Coronavirus Facts First: Wednesday, April 29

Coronavirus Facts First

NEWS 8 WROC VIDEO — As coronavirus continues to dominate headlines locally and beyond, it’s important to isolate what is fact, and what is fiction.

That’s why News 8 WROC is expanding beyond the traditional newscast to deliver the news the matters the most to the people that matter to us: you, the viewer. Each week day we’ll be doing an extended, online-only digital newscast that compresses the daily coronavirus headlines into one place.

Coronavirus Facts First

Afternoon of April 29, 2020

Gov. Cuomo: Monroe County among eligible NY counties to resume elective surgeries

During Wednesday’s daily briefing, Gov. Andrew Cuomo announced 330 New Yorkers died from COVID-19 in the last 24 hours as the statewide death toll closes in on 18,000 to date.

“We’re making progress, that’s for sure, but were not out of the woods yet,” Gov. Cuomo said about downward trends regarding hospitalization rates and ICU admissions.

On Tuesday, Cuomo said there were about a dozen items on the list of things that need to be accomplished before the state, or any part of the state, can be reopened.

112 COVID-19 deaths in Monroe County, 1,342 confirmed cases, 102 hospitalizations

 There are now 112 confirmed COVID-19 deaths in Monroe County, up four from last official count Monday.

To date, officials report 1,342 confirmed cases of COVID-19 in Monroe County, including 46 new cases since 24 hours prior.

MORE | COVID-19 county by county: Keeping track of local cases throughout the region

Trump to sign order keeping meat processing plants open

President Donald Trump will sign an executive order Tuesday meant to stave off a shortage of chicken, pork and other meat on American supermarket shelves because of the coronavirus.

The order will use the Defense Production Act to classify meat processing as critical infrastructure to keep production plants open.

The order comes after industry leaders warned that consumers could see meat shortages in a matter of days after workers at major facilities tested positive for the virus. A senior White House official said the administration was working to prevent a situation in which a majority of processing plants shut down for a period of time, which could lead to an 80% drop in the availability of meat in supermarkets. The official spoke on condition of anonymity to discuss the order before its release.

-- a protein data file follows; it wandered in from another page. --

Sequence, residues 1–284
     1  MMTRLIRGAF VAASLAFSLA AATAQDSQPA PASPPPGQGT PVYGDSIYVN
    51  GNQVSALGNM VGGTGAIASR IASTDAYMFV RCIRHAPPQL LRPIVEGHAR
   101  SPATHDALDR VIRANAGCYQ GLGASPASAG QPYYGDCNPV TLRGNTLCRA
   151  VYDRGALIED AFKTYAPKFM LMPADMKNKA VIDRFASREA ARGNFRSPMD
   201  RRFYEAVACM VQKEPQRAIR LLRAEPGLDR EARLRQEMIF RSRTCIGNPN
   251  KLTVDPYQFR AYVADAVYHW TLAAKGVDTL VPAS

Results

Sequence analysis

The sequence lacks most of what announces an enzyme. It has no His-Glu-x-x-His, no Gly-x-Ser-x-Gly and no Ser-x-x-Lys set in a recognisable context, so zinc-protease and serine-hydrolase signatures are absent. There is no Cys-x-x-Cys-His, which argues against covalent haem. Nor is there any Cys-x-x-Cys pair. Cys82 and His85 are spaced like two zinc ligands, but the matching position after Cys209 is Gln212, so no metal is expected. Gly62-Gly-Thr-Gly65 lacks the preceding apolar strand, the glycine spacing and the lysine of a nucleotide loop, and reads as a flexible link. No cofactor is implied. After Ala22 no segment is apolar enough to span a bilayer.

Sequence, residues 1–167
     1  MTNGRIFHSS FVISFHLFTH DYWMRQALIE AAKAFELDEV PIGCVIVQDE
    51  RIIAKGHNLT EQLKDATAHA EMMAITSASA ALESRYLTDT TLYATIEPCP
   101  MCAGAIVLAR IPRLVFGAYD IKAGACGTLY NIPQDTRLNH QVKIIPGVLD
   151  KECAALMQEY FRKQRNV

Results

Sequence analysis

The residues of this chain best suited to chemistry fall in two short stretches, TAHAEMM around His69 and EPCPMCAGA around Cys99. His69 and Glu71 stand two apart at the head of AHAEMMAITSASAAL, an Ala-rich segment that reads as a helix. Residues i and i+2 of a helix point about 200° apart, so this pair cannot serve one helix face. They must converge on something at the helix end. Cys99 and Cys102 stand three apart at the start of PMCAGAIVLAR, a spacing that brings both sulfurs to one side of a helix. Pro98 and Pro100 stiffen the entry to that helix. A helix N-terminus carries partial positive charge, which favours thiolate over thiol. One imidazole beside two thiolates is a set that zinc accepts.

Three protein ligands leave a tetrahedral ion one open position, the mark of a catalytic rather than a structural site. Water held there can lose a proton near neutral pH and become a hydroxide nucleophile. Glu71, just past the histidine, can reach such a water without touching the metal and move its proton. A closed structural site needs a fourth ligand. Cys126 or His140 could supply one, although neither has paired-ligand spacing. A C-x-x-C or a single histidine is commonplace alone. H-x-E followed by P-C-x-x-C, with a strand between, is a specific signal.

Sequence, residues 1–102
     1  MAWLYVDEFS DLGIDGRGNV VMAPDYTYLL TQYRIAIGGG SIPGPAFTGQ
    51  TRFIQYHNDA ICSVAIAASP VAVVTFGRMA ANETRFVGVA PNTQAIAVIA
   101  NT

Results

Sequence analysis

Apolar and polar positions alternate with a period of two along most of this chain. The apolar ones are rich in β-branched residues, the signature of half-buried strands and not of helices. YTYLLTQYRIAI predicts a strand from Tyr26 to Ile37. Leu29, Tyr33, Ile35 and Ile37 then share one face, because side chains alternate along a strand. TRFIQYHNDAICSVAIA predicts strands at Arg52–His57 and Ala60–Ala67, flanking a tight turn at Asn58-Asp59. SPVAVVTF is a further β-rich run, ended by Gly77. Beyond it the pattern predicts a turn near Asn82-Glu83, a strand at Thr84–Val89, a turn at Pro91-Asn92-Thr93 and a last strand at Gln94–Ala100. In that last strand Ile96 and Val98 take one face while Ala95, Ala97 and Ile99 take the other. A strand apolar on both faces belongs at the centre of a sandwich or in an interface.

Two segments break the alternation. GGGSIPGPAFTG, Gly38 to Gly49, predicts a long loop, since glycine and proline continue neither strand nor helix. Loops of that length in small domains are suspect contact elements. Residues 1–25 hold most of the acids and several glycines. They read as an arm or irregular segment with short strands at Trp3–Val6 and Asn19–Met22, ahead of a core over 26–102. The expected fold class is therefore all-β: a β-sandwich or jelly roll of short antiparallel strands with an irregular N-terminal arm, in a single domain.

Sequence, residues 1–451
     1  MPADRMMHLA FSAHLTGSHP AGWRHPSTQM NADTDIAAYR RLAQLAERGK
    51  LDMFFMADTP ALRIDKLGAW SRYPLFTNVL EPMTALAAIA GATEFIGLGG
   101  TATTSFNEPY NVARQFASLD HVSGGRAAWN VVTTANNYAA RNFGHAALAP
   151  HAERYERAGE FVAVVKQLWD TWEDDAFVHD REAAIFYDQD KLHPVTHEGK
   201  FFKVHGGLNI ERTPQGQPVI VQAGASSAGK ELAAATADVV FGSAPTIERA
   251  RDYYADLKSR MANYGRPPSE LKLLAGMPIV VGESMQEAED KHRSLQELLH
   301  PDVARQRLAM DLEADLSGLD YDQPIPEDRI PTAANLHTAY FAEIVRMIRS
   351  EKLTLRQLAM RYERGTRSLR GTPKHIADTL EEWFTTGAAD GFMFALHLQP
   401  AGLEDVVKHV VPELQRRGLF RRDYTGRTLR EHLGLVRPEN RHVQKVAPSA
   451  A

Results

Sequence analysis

Hometown hope? Rochester company beginning COVID-19 vaccine clinical trial

A local company is starting a clinical trial for a potential COVID-19 vaccine, set to begin in early June.

Rochester Clinical Research is conducting the study, which will include participants ages 18 to 85. Those interested in participating can visit their website.

URMC doctors on mental health during isolation

University of Rochester Medical Center officials say social distancing and isolation during the pandemic are having an effect on flattening the curve of COVID-19, but with that comes an impact on mental health as adults and children adopt this “new normal” into their lives.

Dr. Yeates Conwell and Dr. Caroline Silva discussed the important of taking care of your mental health along with your physical health.

“Social distancing is physically distancing but not necessarily a lack of connection with other people so if we can plan for that we’ll be better off,” Silva said. “What kind of behaviors can you engage in even in our circumstances that will help you? is that making more phone calls? Is that zoom chats?”

Buyer’s market: Why homes are still in demand amid pandemic

Buying a house can be a big step for many and is typically a hands-on experience. But during the COVID-19 pandemic, the only way to buy a house is by not seeing it in person.

Andy Kachaylo is the president of the Greater Rochester Association of Realtors. He said people are still buying homes despite the pandemic. He also said even after the pandemic is over, he doesn’t expect prices of houses here in Rochester to drop drastically anytime soon.

 A Johns Hopkins University professor and her graduate student have created an interactive map to capture all confirmed COVID-19 cases, fatalities and recoveries.

Tracking Coronavirus

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